Discussion on some Code Issues

Chris Angelico rosuav at gmail.com
Sun Jul 8 23:54:47 CEST 2012

On Mon, Jul 9, 2012 at 4:17 AM, Roy Smith <roy at panix.com> wrote:
> In article <mailman.1922.1341767824.4697.python-list at python.org>,
>  Chris Angelico <rosuav at gmail.com> wrote:
>> open("doc1.txt","r")
>> Python will look for a file called doc1.txt in the directory you run
>> the script from (which is often going to be the same directory as your
>> .py program).
> Well, to pick a nit, the file will be looked for in the current working
> directory.  This may or may not be the directory you ran your script
> from.  Your script could have executed chdir() between the time you
> started it and you tried to open the file.
> To pick another nit, it's misleading to say, "Python will look for...".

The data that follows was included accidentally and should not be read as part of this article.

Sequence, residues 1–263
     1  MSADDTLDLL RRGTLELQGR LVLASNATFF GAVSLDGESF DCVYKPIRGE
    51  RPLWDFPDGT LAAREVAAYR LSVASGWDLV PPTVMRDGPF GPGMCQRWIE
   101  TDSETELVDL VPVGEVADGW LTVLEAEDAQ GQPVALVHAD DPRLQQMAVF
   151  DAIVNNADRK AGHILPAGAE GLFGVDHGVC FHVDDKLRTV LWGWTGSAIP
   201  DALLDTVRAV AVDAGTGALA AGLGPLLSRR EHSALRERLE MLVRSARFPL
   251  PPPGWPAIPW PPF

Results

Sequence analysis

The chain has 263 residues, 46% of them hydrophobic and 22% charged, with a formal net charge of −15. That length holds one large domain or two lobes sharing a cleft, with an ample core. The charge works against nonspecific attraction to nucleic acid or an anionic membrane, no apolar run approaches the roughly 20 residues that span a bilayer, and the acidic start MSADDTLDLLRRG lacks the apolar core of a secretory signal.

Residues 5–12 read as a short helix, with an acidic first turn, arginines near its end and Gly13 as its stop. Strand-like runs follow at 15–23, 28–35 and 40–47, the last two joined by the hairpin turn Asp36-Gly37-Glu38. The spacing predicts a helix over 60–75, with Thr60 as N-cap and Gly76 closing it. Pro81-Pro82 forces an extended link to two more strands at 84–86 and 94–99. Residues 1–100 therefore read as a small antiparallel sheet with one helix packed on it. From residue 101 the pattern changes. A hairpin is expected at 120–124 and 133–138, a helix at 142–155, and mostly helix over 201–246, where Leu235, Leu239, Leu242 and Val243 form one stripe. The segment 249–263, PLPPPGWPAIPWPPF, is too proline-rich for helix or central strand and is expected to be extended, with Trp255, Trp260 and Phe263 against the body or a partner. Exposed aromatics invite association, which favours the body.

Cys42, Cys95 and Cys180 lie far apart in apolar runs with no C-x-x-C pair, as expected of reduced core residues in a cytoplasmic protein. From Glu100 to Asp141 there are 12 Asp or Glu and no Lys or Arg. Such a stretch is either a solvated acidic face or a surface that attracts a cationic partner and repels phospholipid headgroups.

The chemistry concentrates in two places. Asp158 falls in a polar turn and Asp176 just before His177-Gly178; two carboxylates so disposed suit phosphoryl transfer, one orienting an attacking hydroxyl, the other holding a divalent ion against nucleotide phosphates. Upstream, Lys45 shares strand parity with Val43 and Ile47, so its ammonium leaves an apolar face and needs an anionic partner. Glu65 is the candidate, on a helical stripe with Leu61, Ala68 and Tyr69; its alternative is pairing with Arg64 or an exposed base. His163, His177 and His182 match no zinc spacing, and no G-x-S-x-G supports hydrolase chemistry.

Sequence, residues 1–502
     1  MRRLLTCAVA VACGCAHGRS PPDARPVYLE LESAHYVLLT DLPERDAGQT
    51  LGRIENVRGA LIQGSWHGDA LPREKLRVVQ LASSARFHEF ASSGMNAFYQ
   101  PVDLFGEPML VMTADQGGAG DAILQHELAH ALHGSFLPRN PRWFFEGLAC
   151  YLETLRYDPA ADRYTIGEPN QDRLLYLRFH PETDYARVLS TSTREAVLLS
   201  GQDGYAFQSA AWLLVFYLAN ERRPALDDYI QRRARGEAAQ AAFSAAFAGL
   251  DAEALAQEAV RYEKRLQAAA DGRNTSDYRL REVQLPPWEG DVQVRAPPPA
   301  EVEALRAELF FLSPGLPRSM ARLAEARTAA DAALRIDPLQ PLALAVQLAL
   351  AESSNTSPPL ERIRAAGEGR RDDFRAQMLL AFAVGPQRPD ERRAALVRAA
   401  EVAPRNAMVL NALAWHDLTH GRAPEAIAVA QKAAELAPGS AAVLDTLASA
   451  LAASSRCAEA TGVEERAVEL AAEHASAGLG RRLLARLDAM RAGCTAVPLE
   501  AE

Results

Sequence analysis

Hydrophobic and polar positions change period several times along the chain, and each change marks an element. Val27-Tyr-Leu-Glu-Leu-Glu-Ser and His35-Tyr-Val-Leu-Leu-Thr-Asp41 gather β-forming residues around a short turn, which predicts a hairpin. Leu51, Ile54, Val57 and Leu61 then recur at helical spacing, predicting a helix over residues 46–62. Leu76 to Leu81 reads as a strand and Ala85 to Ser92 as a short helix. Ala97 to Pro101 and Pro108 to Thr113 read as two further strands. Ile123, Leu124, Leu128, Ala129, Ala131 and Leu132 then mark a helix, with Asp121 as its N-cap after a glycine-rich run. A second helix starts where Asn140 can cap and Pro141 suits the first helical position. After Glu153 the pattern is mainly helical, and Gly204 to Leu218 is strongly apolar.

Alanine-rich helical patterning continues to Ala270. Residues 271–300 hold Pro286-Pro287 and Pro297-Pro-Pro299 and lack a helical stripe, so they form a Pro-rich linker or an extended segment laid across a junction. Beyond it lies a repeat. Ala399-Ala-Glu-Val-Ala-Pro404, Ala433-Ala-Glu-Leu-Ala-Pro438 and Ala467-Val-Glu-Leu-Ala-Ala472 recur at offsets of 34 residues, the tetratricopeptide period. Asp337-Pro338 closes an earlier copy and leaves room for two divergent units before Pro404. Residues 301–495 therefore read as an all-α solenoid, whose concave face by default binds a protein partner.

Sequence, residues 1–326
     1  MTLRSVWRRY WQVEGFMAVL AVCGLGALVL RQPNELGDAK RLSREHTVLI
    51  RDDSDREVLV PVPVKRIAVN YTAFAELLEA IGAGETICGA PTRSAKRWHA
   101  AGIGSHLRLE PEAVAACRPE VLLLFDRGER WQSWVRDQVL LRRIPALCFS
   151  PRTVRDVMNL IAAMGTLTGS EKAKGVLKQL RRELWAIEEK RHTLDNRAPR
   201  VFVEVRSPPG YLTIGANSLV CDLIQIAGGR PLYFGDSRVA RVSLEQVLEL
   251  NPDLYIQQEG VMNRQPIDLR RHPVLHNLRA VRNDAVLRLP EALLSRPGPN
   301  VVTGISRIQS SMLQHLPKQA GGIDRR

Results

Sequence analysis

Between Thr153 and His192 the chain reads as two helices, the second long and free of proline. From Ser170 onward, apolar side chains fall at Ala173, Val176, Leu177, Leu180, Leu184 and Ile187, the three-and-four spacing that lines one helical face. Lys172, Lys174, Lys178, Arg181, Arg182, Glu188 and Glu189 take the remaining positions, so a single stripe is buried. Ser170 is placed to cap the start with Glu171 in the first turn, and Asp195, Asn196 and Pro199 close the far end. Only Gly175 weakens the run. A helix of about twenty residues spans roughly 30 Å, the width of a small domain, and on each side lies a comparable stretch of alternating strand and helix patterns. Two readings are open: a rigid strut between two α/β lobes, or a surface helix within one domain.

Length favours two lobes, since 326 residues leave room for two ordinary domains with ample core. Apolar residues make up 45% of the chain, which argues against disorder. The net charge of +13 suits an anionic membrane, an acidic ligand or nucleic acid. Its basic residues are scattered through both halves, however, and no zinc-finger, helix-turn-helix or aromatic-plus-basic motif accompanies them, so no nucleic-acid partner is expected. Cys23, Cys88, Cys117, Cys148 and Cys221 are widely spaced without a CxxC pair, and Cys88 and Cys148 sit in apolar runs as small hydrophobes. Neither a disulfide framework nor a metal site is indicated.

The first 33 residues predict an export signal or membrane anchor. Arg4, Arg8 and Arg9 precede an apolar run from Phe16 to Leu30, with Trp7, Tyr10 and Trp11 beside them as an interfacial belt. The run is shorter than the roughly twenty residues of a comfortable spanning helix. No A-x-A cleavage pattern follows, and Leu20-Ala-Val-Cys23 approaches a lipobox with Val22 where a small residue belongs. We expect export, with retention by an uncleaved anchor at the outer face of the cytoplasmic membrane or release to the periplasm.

> This implies that Python somehow gets involved in pathname resolution,
> when it doesn't.  Python just passes paths to the operating system as
> opaque strings, and the OS does all the magic of figuring out what that
> string means.

Two perfectly accurate nitpicks. And of course, there's a million and
one other things that could happen in between, too, including
possibilities of the current directory not even existing and so on. I
merely oversimplified in the hopes of giving a one-paragraph
explanation of what it means to not put a path name in your open()
call :) It's like the difference between reminder text on a Magic: The
Gathering card and the actual entries in the Comprehensive Rules.
Perfect example is the "Madness" ability - the reminder text explains
the ability, but uses language that actually is quite incorrect. It's
a better explanation, though.

Am I overanalyzing this? Yeah, probably...


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